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Tesla rolls out not-so-'autonomous' software

22 Oct 15  | Automotive
Tesla rolled out its not-so-'autonomous' driving software, and the hands are off the wheel!
 



Autonomous driving is an extremely exciting concept – you could catch an extra hour of kip on the way to work, finish an email on the way to a meeting, actually keep an eye on the kids in the back seats… the possibilities are tantalising.

So when Tesla last week enabled its ‘Autopilot’ systems in its Model S all-electric sedans, Tesla owners got more than a little bit excited. The wireless update of these vehicles to Version 7.0 of the Tesla software allows cars – with the proper pre-installed equipment – to steer, switch lanes and manage speed.

However, Tesla CEO Elon Musk has repeatedly warned that ‘Autopilot’ does not, in fact, provide fully autonomous driving, and that drivers should not, for example, be taking both hands from the wheel while in motion.

Despite this, a number of Tesla drivers immediately hit the roads to test out the new software, videoing themselves driving down highways with their hands in the air (or reading!) and posting their results to YouTube, which lead to a number of dangerous situations and near accidents.


The software does seem remarkably effective, but it is clearly not quite ready to be left entirely to its own devices to get us to work or that lunch date! Tesla do refer to the current roll-out of the system as a beta-test, but one does question whether a beta-test should be taking place on open, public roads.

The Autopilot system uses a combination of radar, a forward-looking camera and 12 long-range ultrasonic sensors, working with fast processors, and has a warning system to alert drivers when it’s lost its way and needs a little help.

Khobi Brooklyn, a Tesla spokesperson, likened the Autopilot system to an airplane’s version of the functionality in an email: “Tesla is very clear with what we’re building, features to assist the driver on the road. Similar to the autopilot function in airplanes, drivers need to maintain control and responsibility of their vehicle while enjoying the convenience of Autopilot in Model S.”


Alain Kornhauser, director of the transportation program at Princeton University, pointed out that drivers need “to show some respect, because you’re driving a lethal weapon.”

“I think it’s wonderful that Tesla has gone out there with this technology, but they have hyped Autopilot a little bit too much,” Kornhauser says. Contrast the Tesla Autopilot system with, say, the Distronic Plus suite of assisted driving technologies that Kornhauser’s Mercedes-Benz S-550 runs. This system has been available in S- and E-Class vehicles since 2013, but the company has been careful to avoid terms like ‘auto’ or ‘automatic’, referring instead to the technology as ‘assistive’.

Google, on the other hand, are fully committed to the complete autonomy model, and as such, are performing intensely rigorous testing before rolling out their product to the general public.

Doug Newcomb, president of the C3Group, which provides consulting and conferences on connected cars, agrees that Google and other mainstream automakers are being far more careful than Tesla.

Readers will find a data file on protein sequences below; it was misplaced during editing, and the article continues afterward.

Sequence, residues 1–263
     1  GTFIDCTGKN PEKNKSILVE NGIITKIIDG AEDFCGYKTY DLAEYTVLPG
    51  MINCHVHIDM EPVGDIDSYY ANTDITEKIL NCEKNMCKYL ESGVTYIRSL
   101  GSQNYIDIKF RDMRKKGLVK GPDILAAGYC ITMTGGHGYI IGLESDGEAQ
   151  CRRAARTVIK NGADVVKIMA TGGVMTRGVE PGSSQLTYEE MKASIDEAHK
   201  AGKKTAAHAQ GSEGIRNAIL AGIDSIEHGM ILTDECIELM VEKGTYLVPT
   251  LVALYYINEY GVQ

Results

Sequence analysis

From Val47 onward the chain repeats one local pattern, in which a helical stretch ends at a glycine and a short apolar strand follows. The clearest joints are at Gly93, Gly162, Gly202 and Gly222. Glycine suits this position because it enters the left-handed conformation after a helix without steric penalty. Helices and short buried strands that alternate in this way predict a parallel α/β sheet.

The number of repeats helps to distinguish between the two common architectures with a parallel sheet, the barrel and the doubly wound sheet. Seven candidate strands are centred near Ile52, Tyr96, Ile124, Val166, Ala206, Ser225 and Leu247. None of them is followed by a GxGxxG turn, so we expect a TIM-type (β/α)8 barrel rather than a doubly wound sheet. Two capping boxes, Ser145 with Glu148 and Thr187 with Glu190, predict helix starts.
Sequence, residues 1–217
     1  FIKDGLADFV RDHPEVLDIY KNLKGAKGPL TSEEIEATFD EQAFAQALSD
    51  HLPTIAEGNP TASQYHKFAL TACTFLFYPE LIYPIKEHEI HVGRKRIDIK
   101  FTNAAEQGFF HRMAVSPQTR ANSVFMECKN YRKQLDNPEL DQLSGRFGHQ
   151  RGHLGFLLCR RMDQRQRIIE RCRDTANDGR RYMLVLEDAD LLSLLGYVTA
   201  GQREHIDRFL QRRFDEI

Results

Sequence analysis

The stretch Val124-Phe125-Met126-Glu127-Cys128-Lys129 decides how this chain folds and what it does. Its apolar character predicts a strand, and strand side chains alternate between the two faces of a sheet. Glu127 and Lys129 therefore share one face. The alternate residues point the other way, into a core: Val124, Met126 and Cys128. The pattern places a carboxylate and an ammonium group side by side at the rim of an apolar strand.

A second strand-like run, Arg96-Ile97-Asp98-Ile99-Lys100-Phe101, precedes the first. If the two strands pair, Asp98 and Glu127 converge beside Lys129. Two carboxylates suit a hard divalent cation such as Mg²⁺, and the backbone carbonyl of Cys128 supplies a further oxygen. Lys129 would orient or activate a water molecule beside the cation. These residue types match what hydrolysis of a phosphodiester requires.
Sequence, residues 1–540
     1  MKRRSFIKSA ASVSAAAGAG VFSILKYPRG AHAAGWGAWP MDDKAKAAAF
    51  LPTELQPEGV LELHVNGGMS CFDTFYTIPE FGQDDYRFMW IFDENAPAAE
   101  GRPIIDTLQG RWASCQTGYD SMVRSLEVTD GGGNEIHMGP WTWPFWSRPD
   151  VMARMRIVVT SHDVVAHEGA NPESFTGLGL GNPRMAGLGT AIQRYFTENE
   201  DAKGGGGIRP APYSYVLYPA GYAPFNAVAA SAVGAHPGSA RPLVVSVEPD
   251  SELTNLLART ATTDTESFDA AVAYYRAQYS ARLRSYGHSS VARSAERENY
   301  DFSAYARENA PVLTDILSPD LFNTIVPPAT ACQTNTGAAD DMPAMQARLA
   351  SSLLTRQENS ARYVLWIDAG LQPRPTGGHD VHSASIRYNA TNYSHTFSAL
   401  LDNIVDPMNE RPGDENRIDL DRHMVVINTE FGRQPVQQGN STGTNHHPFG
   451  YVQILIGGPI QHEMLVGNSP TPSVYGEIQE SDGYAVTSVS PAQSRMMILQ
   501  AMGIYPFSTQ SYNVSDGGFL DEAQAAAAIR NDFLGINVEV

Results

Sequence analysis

“This is Tesla’s MO”, he says. “As a technology company, they’re pushing things more than other companies.”

He adds that Tesla’s attitude is ‘somewhat cavalier’ in not fully acknowledging the possible uses of their technology. “With new technology, people are going to use it in ways it wasn’t intended. But in this case, you’re not talking about a smart phone or computer. You’re talking about a dangerous vehicle.”


Paul McGuinness, one of CBSbutler’s Senior Consultants who specialises, among other things, in placing specialists and engineers within the automotive industry, is watching the innovations of companies such as Tesla and Google closely:

“Cars have utilised more and more technology over recent years under the term ‘Driver Assist’ which have by and large been warmly received by the consumer public. Cruise control, parking sensors, automatic lights and wipers and blind spot monitors are all seen as the norm when driving a modern car. Trying to push any vehicles system to the limit and expressing concern when you find and exceed that limit detracts from the efforts that Tesla and other manufacturers have undertaken in order to improve safety and user experience.

I, for one, am a fan of what companies like Tesla and Google are trying to achieve in their quest for technological advances; it generates a wealth of jobs, learning opportunities and inspiration for a generation of engineers.

The more interesting question relating to autonomous vehicles asks “Humans vs Computers – who makes more errors?”, and that is one topic I see being debated for a long time to come.”

Interested in working within the automotive and engineering industries? Give Paul a call on 01737 821049 or send your CV to pmcguinness@cbsbutler.com

 

What do you think?

Is Tesla being irresponsible or innovative?

Do they have a responsibility to make sure their products are safe before releasing them to the general public, or is their only task to create new technology, and let the bureaucrats sort out the mess?

Let us know in the comments.

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